Wound Infection

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                                                     Wound Infections

Every nurse is sure to encounter caring for a patient with a wound – whether a surgical wound or an open wound from some type of injury.

Wounds are classified as either open (involving a break in the skin) or closed (involving internal damage to body tissue).

There are 5 different types of open wounds, classified according to their cause:

1. Abrasion – occurs when skin rubs or scrapes a rough or hard surface, such as in road rash – not usually a lot of bleeding, but it needs to be scrubbed & cleaned to avoid infection.
2. Incision – a cut made by a clean, sharp instrument, such as a knife or razor blade in surgery, or a glass splinter. A deep incision can damage tendons, ligaments, & muscles and will bleed a 3. lot & quickly.
4. Laceration – an irregular deep cut or tearing of the skin caused by blunt trauma, such as an accident with tools or machinery – the bleeding is rapid & extensive.
5. Puncture – a small hole caused by a long, pointy object, such as a nail, needle, or bullet – it may not bleed much but can be deep enough to damage internal organs.
6. Avulsion – a partial or complete tearing away of skin & tissue – these usually occur during violent accidents & bleed heavily & rapidly.


The main complication of an open wound is the risk of infection. Risks for infection are increased by certain conditions, including:

– Chronic illnesses, such as diabetes, cancer, kidney, or lung diseases
– Obesity
– Smoking
– Weakened immune system
– Certain medications, such as steroids or chemotherapy
– Elderly patients
– Wound caused by a dirty or contaminated object
– Foreign objects stuck in the wound
– Wound caused by a human or animal bite
– Large, deep wounds or one with jagged edges
– Emergency surgery, abdominal surgery, or surgery lasting more than 2 hrs
– Poor wound care hygiene

Signs & symptoms of infection in a wound include:

Redness & swelling – should diminish over time during the initial phases of wound healing – If it does not decrease, and red streaks are seen in the skin around the wound or progressing away from wound, an infection is likely present.
Throbbing pain or tenderness in wound area – pain should gradually subside as the body heals – a sudden or increased pain may be a sign of infection.
– Area may be warm or hot to the touch.
Purulent discharge (pus) collected beneath the skin or draining from the wound – a small amount of clear or slightly yellow-colored fluid can be expected from a surgical wound, but if the fluid is cloudy, green, or foul smelling, this indicates an infection.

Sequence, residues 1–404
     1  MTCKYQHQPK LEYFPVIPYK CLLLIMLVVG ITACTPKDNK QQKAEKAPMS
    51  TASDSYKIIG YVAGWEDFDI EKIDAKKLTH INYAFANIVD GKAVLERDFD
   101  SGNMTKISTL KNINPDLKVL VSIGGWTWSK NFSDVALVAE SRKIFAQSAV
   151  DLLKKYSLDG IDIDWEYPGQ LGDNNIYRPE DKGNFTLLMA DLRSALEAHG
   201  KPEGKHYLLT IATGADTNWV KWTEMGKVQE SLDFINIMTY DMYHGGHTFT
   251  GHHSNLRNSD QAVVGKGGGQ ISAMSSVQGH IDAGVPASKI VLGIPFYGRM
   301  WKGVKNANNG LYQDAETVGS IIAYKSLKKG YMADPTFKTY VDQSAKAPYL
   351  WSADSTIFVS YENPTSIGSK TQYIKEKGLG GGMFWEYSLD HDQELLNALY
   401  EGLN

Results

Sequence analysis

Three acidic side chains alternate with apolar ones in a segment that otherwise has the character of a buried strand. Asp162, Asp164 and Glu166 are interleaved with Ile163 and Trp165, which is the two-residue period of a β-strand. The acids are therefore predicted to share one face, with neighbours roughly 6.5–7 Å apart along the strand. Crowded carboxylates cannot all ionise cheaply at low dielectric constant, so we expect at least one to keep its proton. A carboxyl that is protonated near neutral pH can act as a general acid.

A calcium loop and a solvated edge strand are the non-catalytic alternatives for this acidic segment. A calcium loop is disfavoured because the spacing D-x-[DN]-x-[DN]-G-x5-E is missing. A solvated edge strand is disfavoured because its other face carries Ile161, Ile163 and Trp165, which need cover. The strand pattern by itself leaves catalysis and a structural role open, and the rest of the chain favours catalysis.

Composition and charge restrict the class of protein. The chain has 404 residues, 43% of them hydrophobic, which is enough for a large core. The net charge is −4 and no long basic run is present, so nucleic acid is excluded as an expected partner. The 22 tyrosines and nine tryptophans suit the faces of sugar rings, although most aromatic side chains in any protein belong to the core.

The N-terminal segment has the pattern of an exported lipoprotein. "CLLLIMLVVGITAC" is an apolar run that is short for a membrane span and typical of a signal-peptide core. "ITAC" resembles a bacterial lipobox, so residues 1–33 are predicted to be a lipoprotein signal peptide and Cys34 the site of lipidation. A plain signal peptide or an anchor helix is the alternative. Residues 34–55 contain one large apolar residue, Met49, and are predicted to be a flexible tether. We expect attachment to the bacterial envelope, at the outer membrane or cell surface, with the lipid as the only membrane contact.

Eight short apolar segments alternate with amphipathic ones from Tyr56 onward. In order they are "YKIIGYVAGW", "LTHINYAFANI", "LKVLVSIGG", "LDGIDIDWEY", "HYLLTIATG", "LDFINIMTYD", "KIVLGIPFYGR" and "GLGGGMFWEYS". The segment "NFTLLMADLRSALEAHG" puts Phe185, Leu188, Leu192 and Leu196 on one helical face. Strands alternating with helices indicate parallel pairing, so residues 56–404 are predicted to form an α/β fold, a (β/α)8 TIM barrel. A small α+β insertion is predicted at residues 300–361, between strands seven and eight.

Dizziness or a fast heartbeat.
Generalized chills or malaise.
Fever over 100.4F >4 hours – signs of a localized systemic infection.
Leukocytosis (elevated WBC)

Complications from a wound infection:

Cellulitis, an infection of the skin is caused by bacteria entering the body via the wound & spreading to deeper tissues beneath the skin.
Tetanus, or lockjaw, is an infection with the bacterium Clostridium tetani, which produces toxins that interfere with muscle contractions, causing severe muscle spasms.
Necrotizing subcutaneous infection (necrotizing fasciitis) is a severe infection that causes necrosis of the innermost layer of skin and can lead to gangrene, the death of tissue caused by critically insufficient blood supply.
Gas gangrene, a type of wet (infected) gangrene caused by the bacteria Clostridium, produces gas within tissues. It spreads to healthy tissue quickly and can cause necrosis, sepsis, toxemia, and shock.

Prevention of wound infections:

– Teach the surgical patient to stop smoking 4-6 weeks before surgery. If they cannot quit, there is absolutely no smoking for 12 hours before surgery.
– The patient should shower before the operation, using antiseptic soap recommended by the doctor and avoid shaving the skin area where the operation will occur.
– Following surgery, the patient should avoid touching the incision site & clean it according to their doctor’s instructions.
– Educate on the importance of handwashing for the patient, visitors, and all caregivers.
– Encourage high-energy nutrition & pain relief

Wound infections can be treated in the following ways:

– Wound cleaning with soap and water will wash away bacteria.
– Incision & drainage of the infected wound will release pus or pressure built up under the skin – some wounds require insertion of a drainage tube to drain body fluid that may accumulate and become a source of infection.
– Debridement involves the removal of necrotic tissue to promote wound healing – otherwise, dead skin inhibits the development of healthy new tissue & makes the area more susceptible to infection.
– Wet or dry dressings may be used for debridement of a wound and to reduce opportunities for bacteria to enter wounds or spread to another wound.
– Antibiotics help fight wound infections caused by bacteria.

 

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